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The Broadside

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Each week, The Broadside highlights a story from the heart of the American South and asks why it matters to you. From news to arts and culture, we dive into topics that might not be on a front page, but deserve a closer look. Along the way, we explore the nuances of our home—and how what happens here ripples across the country.Hosted by Anisa Khalifa, The Broadside is a production of North Carolina Public Radio-WUNC. Find it every Thursday wherever you listen to podcasts.
43 Episodes
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Red wolves were declared extinct in the wild in 1980. But in a stunning success for conservationists, a captive breeding program reintroduced the animal less than a decade later. That effort has stalled in recent years. Today, there are fewer than 30 animals left in the wild, all located in an isolated corner of North Carolina. Ultimately, the iconic Southern carnivore’s biggest threat is also its best hope for survival: humans.Featuring:  Dr. Tara Harrison, Assistant Professor at NC State’s College of Veterinary Medicine Sean Hubbard, NC State University’s Canine Conversation Crew Adam Wagner, climate change and environment reporter at the Raleigh News & Observer Links:  Check out Adam’s reporting on red wolves for the News & Observer. You can find a transcript of the episode here. Donate: The Broadside is made possible by contributions from listeners like you. Support WUNC-North Carolina Public Radio and this podcast by making a donation here.Sign up for WUNC's new Politics Newsletter here.
July 4th, 1776 is arguably the most important date in American history. That's when citizens of the colonies declared total independence from Great Britain for the very first time. But what if it wasn’t the first? This week, we travel down the rabbit hole of North Carolina’s Mecklenburg Declaration of Independence and entertain a couple of shocking possibilities: either someone’s lying — or we may need to rethink everything we know about American independence.Featuring:  Dave Fleming, author of  “Who's Your Founding Father?: One Man’s Epic Quest to Uncover the First, True Declaration of Independence” Jim Ambuske, historian and co-head of R2 Studios at the Roy Rosenzweig Center for History and New Media at George Mason University. Links: You can find a transcript of the episode here.Donate: The Broadside is made possible by contributions from listeners like you. Support WUNC-North Carolina Public Radio and this podcast by making a donation here.Sign up for WUNC's new Politics Newsletter here.
The game of cricket is rapidly gaining popularity across the US. The country is currently co-hosting the Men's T20 Cricket World Cup for the very first time at venues in major cities like New York, Miami and Dallas. But if you want to see what the future of the sport in America might look like, you need to visit a field next to an airport in the small town of Morrisville, North Carolina.Featuring:  Hasham Malik, captain of Morrisville Warriors Cricket Club Babar Baig, former president of Triangle Cricket League Satish Garimella, Mayor Pro Tem of Morrisville, NC Abhiram “Abhi” Bolisetty, former US international player Philip Service, head coach for Triangle Cricket League Links: You can find a transcript of the episode here.The Broadside is made possible by contributions from listeners like you. Support WUNC-North Carolina Public Radio and this podcast by making a donation.Sign up for WUNC's new Politics Newsletter here.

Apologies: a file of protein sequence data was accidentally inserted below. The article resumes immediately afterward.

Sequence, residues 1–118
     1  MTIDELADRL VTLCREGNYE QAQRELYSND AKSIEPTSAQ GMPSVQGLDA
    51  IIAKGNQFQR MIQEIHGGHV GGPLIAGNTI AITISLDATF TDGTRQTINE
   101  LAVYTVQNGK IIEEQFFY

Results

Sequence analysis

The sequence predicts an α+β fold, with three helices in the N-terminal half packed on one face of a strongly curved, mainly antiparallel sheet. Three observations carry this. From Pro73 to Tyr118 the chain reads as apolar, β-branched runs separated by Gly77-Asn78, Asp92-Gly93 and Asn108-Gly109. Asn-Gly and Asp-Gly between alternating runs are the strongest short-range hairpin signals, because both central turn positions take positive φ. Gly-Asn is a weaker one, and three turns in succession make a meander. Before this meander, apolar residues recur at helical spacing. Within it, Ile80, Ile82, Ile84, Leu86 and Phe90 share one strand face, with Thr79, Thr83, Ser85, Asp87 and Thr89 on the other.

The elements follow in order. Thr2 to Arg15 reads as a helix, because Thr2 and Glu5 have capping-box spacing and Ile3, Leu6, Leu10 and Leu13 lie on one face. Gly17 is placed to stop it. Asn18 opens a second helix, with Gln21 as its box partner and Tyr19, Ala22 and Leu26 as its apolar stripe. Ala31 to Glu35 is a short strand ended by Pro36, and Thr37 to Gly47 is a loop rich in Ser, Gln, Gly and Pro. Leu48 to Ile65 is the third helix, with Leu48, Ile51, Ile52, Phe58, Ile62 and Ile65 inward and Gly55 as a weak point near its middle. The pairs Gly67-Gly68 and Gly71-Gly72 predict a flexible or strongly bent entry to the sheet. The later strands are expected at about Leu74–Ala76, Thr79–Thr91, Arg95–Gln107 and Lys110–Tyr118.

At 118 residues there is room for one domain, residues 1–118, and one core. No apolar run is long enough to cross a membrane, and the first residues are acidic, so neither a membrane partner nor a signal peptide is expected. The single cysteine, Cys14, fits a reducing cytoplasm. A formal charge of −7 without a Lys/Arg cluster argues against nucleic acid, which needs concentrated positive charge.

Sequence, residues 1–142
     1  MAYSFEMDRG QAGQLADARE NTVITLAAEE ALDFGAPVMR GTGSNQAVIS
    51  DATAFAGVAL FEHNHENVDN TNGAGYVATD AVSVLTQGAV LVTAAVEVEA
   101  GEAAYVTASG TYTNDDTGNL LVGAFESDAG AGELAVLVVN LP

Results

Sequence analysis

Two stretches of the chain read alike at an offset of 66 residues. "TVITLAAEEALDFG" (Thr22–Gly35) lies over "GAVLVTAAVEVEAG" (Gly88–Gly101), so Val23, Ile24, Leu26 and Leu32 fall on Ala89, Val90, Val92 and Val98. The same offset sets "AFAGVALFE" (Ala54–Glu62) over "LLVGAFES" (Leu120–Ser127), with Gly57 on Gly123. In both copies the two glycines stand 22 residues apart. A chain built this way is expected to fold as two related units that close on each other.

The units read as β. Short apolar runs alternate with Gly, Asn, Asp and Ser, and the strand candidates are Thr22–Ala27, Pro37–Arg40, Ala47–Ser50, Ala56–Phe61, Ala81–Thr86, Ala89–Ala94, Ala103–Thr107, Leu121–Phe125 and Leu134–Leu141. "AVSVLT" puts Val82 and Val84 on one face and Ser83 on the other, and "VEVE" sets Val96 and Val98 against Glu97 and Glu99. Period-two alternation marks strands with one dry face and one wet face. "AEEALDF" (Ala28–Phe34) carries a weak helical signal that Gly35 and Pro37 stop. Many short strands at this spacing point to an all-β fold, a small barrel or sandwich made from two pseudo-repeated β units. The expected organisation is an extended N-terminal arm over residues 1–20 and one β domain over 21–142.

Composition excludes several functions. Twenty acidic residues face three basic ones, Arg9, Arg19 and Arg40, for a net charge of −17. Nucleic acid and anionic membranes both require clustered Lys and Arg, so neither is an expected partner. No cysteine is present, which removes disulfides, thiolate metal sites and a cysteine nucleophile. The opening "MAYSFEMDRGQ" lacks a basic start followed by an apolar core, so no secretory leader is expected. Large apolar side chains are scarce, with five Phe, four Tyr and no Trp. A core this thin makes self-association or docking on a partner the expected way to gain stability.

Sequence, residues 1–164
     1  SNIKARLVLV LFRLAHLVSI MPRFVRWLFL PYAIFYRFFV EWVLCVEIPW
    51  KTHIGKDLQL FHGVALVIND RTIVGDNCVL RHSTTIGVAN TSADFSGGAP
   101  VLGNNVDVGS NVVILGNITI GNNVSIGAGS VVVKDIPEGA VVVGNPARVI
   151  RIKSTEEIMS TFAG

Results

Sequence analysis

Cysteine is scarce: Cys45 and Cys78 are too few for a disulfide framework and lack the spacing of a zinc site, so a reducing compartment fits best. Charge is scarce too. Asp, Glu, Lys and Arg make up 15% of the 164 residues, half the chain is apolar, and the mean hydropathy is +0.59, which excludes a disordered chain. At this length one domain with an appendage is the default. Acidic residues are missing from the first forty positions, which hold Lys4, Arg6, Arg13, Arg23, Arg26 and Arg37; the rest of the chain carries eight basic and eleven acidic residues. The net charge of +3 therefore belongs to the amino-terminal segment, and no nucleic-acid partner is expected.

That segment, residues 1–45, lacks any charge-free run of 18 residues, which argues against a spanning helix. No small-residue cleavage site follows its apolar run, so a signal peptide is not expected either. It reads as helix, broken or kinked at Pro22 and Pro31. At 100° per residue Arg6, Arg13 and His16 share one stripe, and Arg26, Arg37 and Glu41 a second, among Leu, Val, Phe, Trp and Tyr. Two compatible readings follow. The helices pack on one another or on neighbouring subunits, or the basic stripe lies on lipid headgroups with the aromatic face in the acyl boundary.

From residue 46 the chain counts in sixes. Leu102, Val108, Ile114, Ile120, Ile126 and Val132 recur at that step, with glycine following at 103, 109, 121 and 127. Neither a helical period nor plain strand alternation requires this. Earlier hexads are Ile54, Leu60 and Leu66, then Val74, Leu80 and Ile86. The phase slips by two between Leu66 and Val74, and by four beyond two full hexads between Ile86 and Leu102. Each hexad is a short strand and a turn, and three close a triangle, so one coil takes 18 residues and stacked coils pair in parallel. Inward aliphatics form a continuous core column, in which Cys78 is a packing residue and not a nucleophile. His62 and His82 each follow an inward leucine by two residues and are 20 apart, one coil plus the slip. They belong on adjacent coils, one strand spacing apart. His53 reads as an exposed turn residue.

Sugarloaf Island protects the community of Morehead City from hurricanes and storm surge. But in recent decades, it’s begun to disappear. A multimillion dollar project is underway to save this North Carolina town's last line of defense from the pounding waves of the Atlantic Ocean. The plan's mix of science and engineering could offer a solution for coastal erosion across the country. Featuring: Celeste Gracia, Environmental Reporter at WUNC-North Carolina Public RadioLinks:  Check out Celeste’s recent reporting for WUNC on the project to save Sugarloaf Island. Listen to Celeste's appearance on WUNC's Due South. Donate: The Broadside is made possible by contributions from listeners like you. Support WUNC-North Carolina Public Radio and this podcast by making a donation.Sign up for WUNC's new Politics Newsletter here.
In the last decade, the craft industry’s boom has steadily spread across Southern states. There are now thousands of breweries in the region (400 in North Carolina alone). But what exactly is a Southern beer?Featuring: Sean Lilly Wilson, Founder of Fullsteam Brewery in Durham, NC Tinu Diver, Documentary Filmmaker Owen Racer, Freelance Journalist Todd Boera, Co-founder and Creative Director of Fonta Flora Brewery in Nebo, NC Links:Check out Owen Racer's Gulf Coast beer reporting at Good Beer Hunting.Donate: The Broadside is made possible by contributions from listeners like you. Support WUNC-North Carolina Public Radio and this podcast by making a donation.Sign up for WUNC's new Politics Newsletter here.